Immunohistochemical staining

Samples were prepared with formalin and embedded in paraffin, followed by Ki-67 (Cell Signaling, no. 9027, rabbit monoclonal, 1:400 dilution) and cleaved caspase 3 (Asp175) (Cell Signaling, no. 9579, rabbit monoclonal, 1:250 dilution) immunolabeling.

Magnesium measurement in murine tissues

Once animals were euthanized, tissues were collected, washed with 250 mM sucrose and quickly snap-frozen in liquid nitrogen. Tissues were homogenized in 10% sucrose via sonication on ice, followed by centrifugation at 12,000 r.p.m. for 10 min at 4°C. Supernatants were removed and examined for free Mg2+ content by atomic absorbance spectrophotometry (Agilent Technologies), adjusting for dilutions. Readouts were normalized according to homogenate volume and weight.

Metabolic profiling

Experiments were performed in biological triplicate, and cells were grown in complete growth medium in T25 flasks. For metabolic profiling of IDH1−/− and IDH1+/+ cells, processing began when cells reached 50% confluency. To prime cells for low-glucose conditions, standard culture medium was changed to low-glucose medium (2.5 mM glucose, 4 mM glutamine supplemented with 10% dialyzed FBS) for a 38-h incubation. Next, for metabolic flux profiling, cells were incubated in medium containing either 2.5 mM [U-13C]glucose (Cambridge Isotope Laboratories, no. CLM-1396-1) or 4 mM [U-13C]glutamine (Cambridge Isotope Laboratories, no. CLM-1822-H-0.1) for 10 h. For rescue experiments, once cells had completed 38 h of incubation under low (2.5 mM) glucose, cells were incubated with either unlabeled αKG (4 mM) or sodium citrate (4 mM) for 10 h.

Following incubation, cells were placed on ice, washed three times with cold PBS and lysed using ice-cold 80:20 methanol:water. For animal tissues and xenograft tumors, fragments weighing 15–25 mg were homogenized in ice-cold 80:20 methanol:water by sonication at 4 °C. Unlabeled γ-hydroxybutyrate (50 µM) was added to homogenized lysate as an internal standard. Cell extracts were centrifuged at 14,000 r.p.m. for 15 min at 4 °C. Supernatants were then dried using nitrogen gas. To prepare oxime derivatives, samples were incubated with 30 µl of freshly made MOX solution (40 mg methoxyamine hydrochloride in 1 ml of pyridine) for 45 min at 45°C. This was followed by incubation with 70 µl of MTBSTFA (N-(tert-butyldimethylsilyl)-N-methyltrifluoroacetamide) for 45 min at 45 °C to make silylated derivatives.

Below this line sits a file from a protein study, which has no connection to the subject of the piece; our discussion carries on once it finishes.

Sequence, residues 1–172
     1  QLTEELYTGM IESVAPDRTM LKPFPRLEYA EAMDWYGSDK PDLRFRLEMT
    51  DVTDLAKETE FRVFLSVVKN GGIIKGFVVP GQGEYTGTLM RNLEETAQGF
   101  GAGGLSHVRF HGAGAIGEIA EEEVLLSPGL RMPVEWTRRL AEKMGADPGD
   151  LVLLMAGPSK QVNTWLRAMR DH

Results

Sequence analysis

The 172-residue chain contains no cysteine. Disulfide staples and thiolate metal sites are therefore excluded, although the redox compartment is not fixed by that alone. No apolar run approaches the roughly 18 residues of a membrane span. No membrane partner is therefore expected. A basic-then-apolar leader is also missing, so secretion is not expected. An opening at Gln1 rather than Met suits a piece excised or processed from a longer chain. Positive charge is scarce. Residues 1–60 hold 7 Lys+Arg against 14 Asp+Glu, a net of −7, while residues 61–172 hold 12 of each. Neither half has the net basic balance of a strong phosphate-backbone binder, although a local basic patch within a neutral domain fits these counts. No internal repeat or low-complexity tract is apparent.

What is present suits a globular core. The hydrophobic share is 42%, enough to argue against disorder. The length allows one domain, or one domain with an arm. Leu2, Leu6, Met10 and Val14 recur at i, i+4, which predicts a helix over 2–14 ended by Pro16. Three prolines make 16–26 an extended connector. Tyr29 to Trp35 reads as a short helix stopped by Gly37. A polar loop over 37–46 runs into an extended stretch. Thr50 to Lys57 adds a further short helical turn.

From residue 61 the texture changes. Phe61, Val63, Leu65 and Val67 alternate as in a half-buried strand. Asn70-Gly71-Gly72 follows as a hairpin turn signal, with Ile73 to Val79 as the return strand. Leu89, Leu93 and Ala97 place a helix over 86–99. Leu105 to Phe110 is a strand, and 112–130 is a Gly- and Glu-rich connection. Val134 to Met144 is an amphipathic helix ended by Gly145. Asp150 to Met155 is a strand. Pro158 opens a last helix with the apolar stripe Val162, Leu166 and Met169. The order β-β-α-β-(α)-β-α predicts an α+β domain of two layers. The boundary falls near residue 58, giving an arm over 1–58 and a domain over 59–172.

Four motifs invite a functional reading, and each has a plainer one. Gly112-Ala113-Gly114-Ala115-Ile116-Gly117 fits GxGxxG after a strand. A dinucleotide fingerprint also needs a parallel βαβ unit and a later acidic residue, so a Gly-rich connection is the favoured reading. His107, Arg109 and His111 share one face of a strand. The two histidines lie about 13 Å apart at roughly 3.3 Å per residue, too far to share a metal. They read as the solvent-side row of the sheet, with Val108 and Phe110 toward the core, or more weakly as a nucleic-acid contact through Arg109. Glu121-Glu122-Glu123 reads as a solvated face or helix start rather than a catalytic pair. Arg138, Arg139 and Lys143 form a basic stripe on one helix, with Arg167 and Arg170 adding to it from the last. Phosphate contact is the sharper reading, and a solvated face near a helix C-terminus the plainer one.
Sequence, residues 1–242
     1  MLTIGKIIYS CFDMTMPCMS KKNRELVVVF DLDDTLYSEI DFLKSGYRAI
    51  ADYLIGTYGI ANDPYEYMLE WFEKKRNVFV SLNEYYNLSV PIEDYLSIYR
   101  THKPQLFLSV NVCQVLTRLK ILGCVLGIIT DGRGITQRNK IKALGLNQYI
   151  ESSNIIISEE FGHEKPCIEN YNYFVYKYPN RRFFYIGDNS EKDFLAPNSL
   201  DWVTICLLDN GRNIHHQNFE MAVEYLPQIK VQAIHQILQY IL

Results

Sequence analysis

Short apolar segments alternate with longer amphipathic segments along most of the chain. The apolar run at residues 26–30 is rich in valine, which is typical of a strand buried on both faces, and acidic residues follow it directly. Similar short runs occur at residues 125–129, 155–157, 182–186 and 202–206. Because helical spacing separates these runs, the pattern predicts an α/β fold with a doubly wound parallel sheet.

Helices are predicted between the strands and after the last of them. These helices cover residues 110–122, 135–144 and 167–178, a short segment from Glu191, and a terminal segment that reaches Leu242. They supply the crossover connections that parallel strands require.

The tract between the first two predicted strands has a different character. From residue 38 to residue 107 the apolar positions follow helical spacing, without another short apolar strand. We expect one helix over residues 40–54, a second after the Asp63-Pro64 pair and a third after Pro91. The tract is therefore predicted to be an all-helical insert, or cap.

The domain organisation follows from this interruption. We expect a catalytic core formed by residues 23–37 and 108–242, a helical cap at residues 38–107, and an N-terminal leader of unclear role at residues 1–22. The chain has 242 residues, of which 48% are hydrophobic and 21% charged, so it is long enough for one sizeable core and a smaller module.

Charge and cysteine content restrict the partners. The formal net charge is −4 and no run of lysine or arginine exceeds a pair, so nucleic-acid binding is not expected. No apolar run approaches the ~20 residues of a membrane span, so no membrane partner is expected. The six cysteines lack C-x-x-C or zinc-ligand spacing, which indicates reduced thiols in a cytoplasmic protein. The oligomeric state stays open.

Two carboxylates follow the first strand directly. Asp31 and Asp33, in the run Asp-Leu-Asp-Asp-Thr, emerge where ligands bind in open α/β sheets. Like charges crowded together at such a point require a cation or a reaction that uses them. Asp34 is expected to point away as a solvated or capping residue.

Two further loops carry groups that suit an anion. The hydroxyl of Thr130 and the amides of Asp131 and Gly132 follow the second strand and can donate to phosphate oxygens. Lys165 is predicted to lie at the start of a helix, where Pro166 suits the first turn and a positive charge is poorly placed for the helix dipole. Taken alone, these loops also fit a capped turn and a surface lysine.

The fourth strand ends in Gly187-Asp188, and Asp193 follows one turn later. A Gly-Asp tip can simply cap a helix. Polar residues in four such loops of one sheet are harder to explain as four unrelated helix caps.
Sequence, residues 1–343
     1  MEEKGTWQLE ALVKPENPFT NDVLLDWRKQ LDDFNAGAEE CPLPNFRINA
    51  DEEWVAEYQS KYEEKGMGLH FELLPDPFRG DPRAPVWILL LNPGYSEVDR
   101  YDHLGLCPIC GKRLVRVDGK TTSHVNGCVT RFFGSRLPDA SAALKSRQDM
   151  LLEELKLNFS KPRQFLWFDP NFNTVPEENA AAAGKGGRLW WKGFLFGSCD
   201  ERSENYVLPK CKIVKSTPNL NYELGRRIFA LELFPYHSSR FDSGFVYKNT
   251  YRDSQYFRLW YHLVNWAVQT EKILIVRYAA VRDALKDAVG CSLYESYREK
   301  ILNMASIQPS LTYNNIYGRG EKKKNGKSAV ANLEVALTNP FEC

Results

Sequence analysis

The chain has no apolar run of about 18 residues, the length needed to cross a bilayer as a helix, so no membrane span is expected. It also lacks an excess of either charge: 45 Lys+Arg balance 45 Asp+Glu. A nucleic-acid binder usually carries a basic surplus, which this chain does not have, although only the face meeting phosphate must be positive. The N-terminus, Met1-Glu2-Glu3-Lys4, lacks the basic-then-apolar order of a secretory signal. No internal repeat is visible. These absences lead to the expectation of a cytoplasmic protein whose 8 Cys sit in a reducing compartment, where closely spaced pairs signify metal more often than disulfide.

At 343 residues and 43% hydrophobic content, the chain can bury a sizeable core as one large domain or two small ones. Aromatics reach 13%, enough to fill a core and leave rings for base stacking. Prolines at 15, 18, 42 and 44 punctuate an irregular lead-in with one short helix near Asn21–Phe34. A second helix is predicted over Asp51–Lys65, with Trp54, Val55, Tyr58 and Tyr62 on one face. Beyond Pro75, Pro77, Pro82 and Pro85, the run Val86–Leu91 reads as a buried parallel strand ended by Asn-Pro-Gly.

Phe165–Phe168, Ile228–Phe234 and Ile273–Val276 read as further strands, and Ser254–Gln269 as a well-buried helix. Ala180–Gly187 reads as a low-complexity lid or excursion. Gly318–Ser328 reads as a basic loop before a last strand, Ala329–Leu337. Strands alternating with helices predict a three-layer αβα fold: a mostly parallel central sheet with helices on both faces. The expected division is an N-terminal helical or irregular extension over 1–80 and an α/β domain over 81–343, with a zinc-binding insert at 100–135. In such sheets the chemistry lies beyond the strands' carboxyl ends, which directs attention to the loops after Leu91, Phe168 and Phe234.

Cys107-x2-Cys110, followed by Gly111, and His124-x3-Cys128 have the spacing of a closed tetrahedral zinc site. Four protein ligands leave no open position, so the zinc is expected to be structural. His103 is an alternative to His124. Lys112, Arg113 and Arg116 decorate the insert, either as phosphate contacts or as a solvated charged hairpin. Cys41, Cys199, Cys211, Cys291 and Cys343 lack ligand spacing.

For glucose measurements, after sample drying with nitrogen gas, dried lysates were mixed with pyridine:acetic anhydride (1:2) solution and incubated at 60 °C for 30 min to convert glucose to its penta-acetate derivative. Samples were allowed to air dry at room temperature and then reconstituted in 100 µl of ethyl acetate. Results were normalized to m + 6 glucose as an internal standard.

Gas chromatography–mass spectrometery (GC–MS) analyses were performed using a Hewlett Packard 5973 Turbo Pump Mass Selective Detector and a Hewlett Packard 6980 Gas Chromatograph equipped with a DB-5ms GC Column (60 m × 0.25 mm × 0.25 µm, Agilent Technologies). Samples were injected in splitless mode. The column temperature was initially set at 100 °C and held for 1 min, then ramped by 8 °C min−1 to 170 °C and held for 5 min. Samples were then ramped at 5 °C min−1 to 200 °C and held for 5 min. Finally, samples were ramped at 10 °C min−1 to 300 °C and held 10 min. Masses were monitored in scan acquisition mode. Metabolomics data were analyzed using MSD ChemStation Software, v.F.01.03.2357 (Agilent Technologies). Metabolite counts were normalized using cell number from a parallel culture flask plated at an equivalent cell density. Isotopolog abundances were corrected for natural abundance using a correction matrix. Mass isotopomer distributions were computed as the ratio of mass isotopomer abundance divided by the sum of all mass isotopomer abundances for a particular metabolite, expressed as percentages. Metabolite pool size was determined using an internal standard and normalized to cell count.

Liquid chromatography–MS (LC–MS) analyses were performed using an Agilent Technologies Triple Quad 6470 LC–tandem MS (LC–MS/MS) system with a 1290 Infinity II LC Flexible Pump (Quaternary Pump), 1290 Infinity II Multisampler, 1290 Infinity II Multicolumn Thermostat with six port valves and a 6470 triple-quad mass spectrometer. Agilent MassHunter Workstation Software LC–MS Data Acquisition for 6400 Series Triple Quadrupole MS with v.B.08.02 was used for compound optimization and sample data acquisition. Agilent MassHunter Quantitative Analysis B.09.00 QqQ software was used to integrate and quantitate areas.

In vivo studies

All experiments involving mice were approved by the CWRU Institutional Animal Care Regulations and Use Committee (IACUC, protocol no. 2018-0063). Mice were maintained under pathogen-free, temperature- and humidity-controlled conditions under a 12/12-h light/dark cycle and received normal chow (LabDiet, Prolab IsoPro RMH3000) in the animal facility. No additional food or nutrient-contained bedding was provided to the animals during these studies.